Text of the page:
That did not stop Naftali from tweeting a video of himself on Oct. 14, once again in IDF fatigues, claiming that he was “called up from the frontline to another front – the digital war.”

“The prime minister has called me to join this task force that has been fighting around the clock to fight and defend Israel in the media,” Naftali said. “This is a war between good and evil and Israel’s battle is your battle as well. There is a lot of disinformation, hate, antisemitism, and lies. We all have to fight it together.”

The Prime Minister’s Office has put together a task force that includes some past staff, such as Netanyahu’s former spokesman and diplomatic adviser, Mark Regev, and President Isaac Herzog’s former spokesman, Eylon Levy, as well as new faces such as journalist Tal Heinrich, to help with wartime communications.

The social media influencer did an interview later that day for Newsmax in his IDF fatigues while standing at a Prime Minister’s Office lectern, something that spokespeople for Netanyahu or  other civilian figures are not authorized to do, a source in the room told Jewish Insider. Naftali was told he should never do so again, and that he is not authorized to speak for the government.

A Prime Minister’s Office official denied that Naftali works for the Israeli government or on the volunteer task force. The source who was in the room when Naftali filmed the video said that he was never introduced to the task force as a member. Someone who used to tweet for Netanyahu said it is unlikely that the prime minister would have personally called him, as Naftali claimed.

Naftali did not respond to multiple phone calls and texts from JI asking where he works. His X (formerly Twitter) profile says only, “I’m that Israeli who talks to the camera about peace in the Middle East,” and features a pinned post calling on people to send him money via the monetization platform Patreon.

Though Naftali was in army fatigues on TV and in X videos, the IDF denied that he is working with its spokesperson’s unit, which controls its social media accounts. A Foreign Ministry spokesperson also said they are not working with him.

Netanyahu’s personal spokesman, Jonatan Urich, said that Naftali created social media content for the prime minister as a freelancer for the Likud party, hired on a project-by-project basis and was not currently in their employ. “We have no control over” Naftali’s tweets, Urich said.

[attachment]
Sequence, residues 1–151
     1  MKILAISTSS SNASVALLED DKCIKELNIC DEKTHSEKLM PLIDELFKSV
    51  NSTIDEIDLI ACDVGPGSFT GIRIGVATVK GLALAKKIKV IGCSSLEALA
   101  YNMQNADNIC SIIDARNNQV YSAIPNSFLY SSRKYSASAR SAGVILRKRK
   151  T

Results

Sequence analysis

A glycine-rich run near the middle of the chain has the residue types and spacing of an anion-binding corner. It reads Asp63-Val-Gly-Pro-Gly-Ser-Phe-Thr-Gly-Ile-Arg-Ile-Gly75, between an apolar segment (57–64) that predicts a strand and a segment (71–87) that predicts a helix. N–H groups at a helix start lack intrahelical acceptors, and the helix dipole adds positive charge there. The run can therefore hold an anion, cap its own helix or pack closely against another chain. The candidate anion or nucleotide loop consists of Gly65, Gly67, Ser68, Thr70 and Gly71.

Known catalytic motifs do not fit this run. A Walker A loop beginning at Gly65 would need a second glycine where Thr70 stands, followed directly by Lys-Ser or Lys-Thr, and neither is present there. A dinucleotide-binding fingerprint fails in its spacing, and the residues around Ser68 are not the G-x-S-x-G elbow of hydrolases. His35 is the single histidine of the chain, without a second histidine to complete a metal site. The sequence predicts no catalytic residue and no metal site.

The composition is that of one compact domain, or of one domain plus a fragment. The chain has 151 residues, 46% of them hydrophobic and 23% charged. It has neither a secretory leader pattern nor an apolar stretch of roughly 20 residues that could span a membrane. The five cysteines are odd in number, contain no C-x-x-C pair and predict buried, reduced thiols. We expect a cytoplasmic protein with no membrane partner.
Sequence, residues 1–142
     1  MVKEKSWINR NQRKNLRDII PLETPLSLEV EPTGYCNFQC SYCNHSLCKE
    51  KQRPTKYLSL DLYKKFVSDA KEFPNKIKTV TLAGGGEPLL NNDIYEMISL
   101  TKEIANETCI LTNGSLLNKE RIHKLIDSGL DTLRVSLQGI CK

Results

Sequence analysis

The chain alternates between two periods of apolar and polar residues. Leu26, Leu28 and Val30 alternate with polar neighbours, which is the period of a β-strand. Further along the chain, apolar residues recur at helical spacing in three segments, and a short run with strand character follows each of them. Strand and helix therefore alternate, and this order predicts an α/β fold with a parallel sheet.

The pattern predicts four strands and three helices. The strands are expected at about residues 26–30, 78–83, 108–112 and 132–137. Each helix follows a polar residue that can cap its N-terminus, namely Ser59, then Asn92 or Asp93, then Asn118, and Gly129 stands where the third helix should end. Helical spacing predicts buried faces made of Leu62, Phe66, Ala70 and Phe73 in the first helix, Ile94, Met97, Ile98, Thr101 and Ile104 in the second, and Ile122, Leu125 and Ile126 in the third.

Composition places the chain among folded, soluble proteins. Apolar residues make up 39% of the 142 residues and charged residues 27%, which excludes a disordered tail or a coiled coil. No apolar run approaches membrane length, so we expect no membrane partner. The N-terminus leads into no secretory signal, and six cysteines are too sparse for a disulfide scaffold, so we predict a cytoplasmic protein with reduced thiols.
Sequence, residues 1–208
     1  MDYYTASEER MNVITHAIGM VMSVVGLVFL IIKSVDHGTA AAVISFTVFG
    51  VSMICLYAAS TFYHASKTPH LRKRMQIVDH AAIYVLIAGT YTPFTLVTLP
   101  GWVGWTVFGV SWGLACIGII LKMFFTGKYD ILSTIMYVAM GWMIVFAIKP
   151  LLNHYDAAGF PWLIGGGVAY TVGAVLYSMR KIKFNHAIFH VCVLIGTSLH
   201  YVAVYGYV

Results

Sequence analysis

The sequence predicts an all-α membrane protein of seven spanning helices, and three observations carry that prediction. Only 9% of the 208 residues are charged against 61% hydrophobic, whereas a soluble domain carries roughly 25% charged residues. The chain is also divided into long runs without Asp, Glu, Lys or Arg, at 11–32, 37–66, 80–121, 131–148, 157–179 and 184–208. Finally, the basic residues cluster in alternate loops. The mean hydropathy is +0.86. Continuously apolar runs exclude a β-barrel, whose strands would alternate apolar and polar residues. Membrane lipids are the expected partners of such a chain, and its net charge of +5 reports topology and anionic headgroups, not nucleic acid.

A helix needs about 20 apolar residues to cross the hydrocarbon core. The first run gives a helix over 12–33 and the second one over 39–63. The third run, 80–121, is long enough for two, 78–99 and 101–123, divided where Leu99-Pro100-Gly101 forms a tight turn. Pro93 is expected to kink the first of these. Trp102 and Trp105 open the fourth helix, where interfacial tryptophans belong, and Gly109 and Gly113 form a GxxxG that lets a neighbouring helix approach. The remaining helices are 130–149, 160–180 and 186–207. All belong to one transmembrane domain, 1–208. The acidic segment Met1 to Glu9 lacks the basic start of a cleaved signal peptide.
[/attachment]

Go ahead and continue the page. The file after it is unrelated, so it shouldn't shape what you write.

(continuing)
A Likud insider explained that some of Netanyahu’s aides are technically employed by the party, which is able to pay more than the government.

Asked about Naftali, another Likud insider responded: “What did he do this time?”

The tweet about the Gaza hospital was not Naftali’s only misleading tweet since the start of the war on Oct. 7.

“Israel is striking terror targets in Gaza right now. More of that, less talking,” Naftali tweeted the following day, along with a video labeled “Israel News on Telegram.”

Kareem Rifai, a social media strategist for the American Enterprise Institute, however, said the images in the video were of the Syrian town of Arihah.

On Friday, Naftali tweeted blurry photos of Hamas leader Khaled Mashal living in luxury in Doha, Qatar, leading many to accuse him of generating the photos with AI. The photos were real, but they had been “poorly upscaled” with AI, Forbes reported.

Ashley Perry, a former senior government adviser, who served under then-Foreign Minister Avigdor Lieberman, among other officials, said that “in the battle to fight the disinformation of Hamas and its supporters, it is vital that everything Israel and its supporters put out is verified and accurate.”

“There are those who are looking for any opening to delegitimize and discredit any pro-Israel content, so we should not give them cannon fodder,” Perry, who specializes in strategic communications, added. “The world has finally been exposed to Hamas’ lies, so we have to be extra careful in providing content that has been checked and verified as much as possible.”

Judah Ari Gross contributed to this report.